the northern frontier | towels packed, will travel

the northern frontier | towels packed, will travel.


Turkana, in northwest Kenya, is a land of extremes. Scorching temperatures, intense droughts, and flash floods are the routine features of a difficult existence for the region’s pastoralist tribes. Believed by anthropologists to be the cradle of human civilization, the Lake Turkana basin remains virtually untouched by modernity – a kind of living museum that offers a rare glimpse into the way life was millenia ago.


In the searing wilderness of Kenya’s largest county sits Lodwar, a sleepy frontier town whose haphazard streets are overflowing with signs for various NGOs and relief agencies. Several decades ago, the possibility of oil and gold mining transformed Lodwar into a desert boomtown. The government paved the road connecting remote Turkana to Kitale in western Kenya, encouraging northern migration. But the promise of vast riches never materialized and the new tarmac disintegrated within a few years. Lodwar remains the only town of any size in Kenya’s vast, sparsely populated northwest, but it is a shell of its former glory, its empty streets a fitting symbol of a region ravished by successive droughts.


Charmed by aerial photographs of the prehistoric landscapes surrounding Lake Turkana, S had long been dreaming of exploring the region. We never did find the time to go, unfortunately, as Turkana’s remoteness and lack of infrastructure necessitates at least a week of travel – anything less and the trip would not be worth it. When the opportunity arose to travel there for work, S jumped at the chance. Her short visit did not provide many opportunities for sightseeing, but it did offer a taste of northwestern Kenya’s unique lifestyle and culture.


The Turkana are more individualistic than many Kenyan peoples, and relations with their neighbors – the Merille to the north, the Samburu to the south, and the Pokot to the southwest – have often been openly aggressive, including killings and retaliatory livestock raids. Although essentially pastoralists, many Turkana have scorned the taboo against fish so prevalent among other herders, and fishing is a viable option that is becoming increasingly popular, particularly following the recent seasons of intense drought and loss of prized livestock. There is also a push among NGOs to expand irrigation and farming schemes to strengthen food resiliency among Turkana communities.


Relief agencies have helped mitigate the worst effects of the cyclical droughts, but donor largesse has also bred dependency, which threatens the Turkana’s traditional means of survival and self-sustainability. Accustomed to receiving food aid, many communities have abandoned their time-tested drought management practices. In years past, each community would slaughter an animal in anticipation of an oncoming drought, relying on the preserved meat during the lean times. Nowadays, few communities take similar steps towards self-preservation, allowing their animals to waste away knowing full well that relief agencies will replace their lost livestock.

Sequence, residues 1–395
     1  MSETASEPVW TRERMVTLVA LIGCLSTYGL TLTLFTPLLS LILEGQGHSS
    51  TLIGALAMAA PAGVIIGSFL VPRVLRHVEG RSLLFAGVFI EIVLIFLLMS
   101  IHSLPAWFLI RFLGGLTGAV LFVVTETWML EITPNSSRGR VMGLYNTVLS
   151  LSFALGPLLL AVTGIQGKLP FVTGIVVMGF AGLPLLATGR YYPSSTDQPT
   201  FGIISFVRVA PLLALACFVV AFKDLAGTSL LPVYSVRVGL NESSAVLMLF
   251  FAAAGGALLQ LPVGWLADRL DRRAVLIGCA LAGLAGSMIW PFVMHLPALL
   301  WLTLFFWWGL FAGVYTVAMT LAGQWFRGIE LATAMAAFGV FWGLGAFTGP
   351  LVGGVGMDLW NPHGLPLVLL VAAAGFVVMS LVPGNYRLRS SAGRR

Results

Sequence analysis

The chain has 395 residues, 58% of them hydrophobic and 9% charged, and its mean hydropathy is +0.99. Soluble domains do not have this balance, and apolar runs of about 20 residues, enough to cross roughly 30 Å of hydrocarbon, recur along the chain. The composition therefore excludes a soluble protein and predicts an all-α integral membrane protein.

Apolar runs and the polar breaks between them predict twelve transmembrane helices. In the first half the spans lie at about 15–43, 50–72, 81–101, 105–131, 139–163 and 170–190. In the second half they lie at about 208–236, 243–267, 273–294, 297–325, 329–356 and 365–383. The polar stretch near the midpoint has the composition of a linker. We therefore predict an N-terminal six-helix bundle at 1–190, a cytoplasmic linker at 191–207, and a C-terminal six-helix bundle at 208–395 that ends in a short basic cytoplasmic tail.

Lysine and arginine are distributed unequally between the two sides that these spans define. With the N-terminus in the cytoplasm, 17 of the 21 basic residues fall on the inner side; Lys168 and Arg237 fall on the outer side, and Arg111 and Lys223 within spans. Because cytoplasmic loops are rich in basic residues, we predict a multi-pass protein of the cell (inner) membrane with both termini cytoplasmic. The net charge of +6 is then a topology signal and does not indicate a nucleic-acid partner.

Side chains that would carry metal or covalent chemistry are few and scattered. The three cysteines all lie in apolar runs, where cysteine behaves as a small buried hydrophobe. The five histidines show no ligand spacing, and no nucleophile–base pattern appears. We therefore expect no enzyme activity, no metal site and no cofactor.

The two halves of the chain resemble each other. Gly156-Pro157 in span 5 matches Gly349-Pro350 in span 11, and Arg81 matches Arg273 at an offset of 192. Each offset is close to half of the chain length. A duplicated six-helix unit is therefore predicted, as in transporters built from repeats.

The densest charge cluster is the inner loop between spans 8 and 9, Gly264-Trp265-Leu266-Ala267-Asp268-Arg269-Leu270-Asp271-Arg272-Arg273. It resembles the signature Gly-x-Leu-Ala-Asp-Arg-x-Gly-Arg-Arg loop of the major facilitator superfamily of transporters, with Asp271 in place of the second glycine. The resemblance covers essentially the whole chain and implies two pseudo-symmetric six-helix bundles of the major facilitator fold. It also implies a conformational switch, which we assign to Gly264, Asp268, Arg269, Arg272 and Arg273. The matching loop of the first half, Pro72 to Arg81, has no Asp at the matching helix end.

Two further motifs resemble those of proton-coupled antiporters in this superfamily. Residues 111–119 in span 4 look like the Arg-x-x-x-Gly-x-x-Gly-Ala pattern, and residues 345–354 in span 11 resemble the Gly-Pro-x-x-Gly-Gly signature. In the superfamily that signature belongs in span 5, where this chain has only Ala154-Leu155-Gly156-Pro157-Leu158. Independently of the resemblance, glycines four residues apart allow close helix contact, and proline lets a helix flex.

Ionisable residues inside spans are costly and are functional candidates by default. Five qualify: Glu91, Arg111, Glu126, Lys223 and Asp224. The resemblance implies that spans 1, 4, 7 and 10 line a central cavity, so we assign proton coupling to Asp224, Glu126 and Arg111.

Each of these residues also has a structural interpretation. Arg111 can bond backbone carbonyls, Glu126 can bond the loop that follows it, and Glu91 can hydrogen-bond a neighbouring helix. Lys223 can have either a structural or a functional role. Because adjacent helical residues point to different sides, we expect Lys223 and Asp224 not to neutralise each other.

Similarly, one local woman told S about her failed attempt to collect funds to pay a local teacher, who had been volunteering in a remote village that did not have a government-funded school. She had endeavored to collect 20 shillings per month – the equivalent of $0.25 – from each family in the village. However, even those villagers who had incomes refused, likely because they had grown accustomed to receiving services for free.


After failing to take off for Turkana on Wednesday, S and her colleague arrived late Thursday afternoon at the end of a two-hour downpour. Visitors who bring rain are said to come with an open heart and good intentions. Be that as it may, Turkana is not an ideal place for a rainy-day visit. The ground felt like quicksand and Lodwar was without electricity because the local power station shuts down as a precaution against electrocution whenever it rains. Attempting to make up for lost time, S squeezed in several meetings upon arrival. As a result, it was well past 8 o’clock by the time she checked into the almost pitch-black guesthouse. No electricity meant no dinner, so S was thankful that her colleague had had the forethought to bring Powerbars.


The following day was jam-packed with back-to-back meetings and longer than anticipated drive times. S spent the morning at the lakeside learning about projects to commercialize fishing and listening to concerns about environmental changes to the lake and fish populations. Jostling along the rough road back to Lodwar, she took in the landscape, dotted with barren volcanic hills and skirted by traditional Turkana homesteads. With less than a million people scattered throughout an area that represents an eigth of Kenya’s total territory, there were very few villages along the way. In the afternoon, S visited an irrigation project on the Turkwel River, leaving the desert oasis with just enough time to hold one last meeting next to the airstrip.


Miraculously the incoming plane landed right on schedule and S was back in Nairobi by nightfall.

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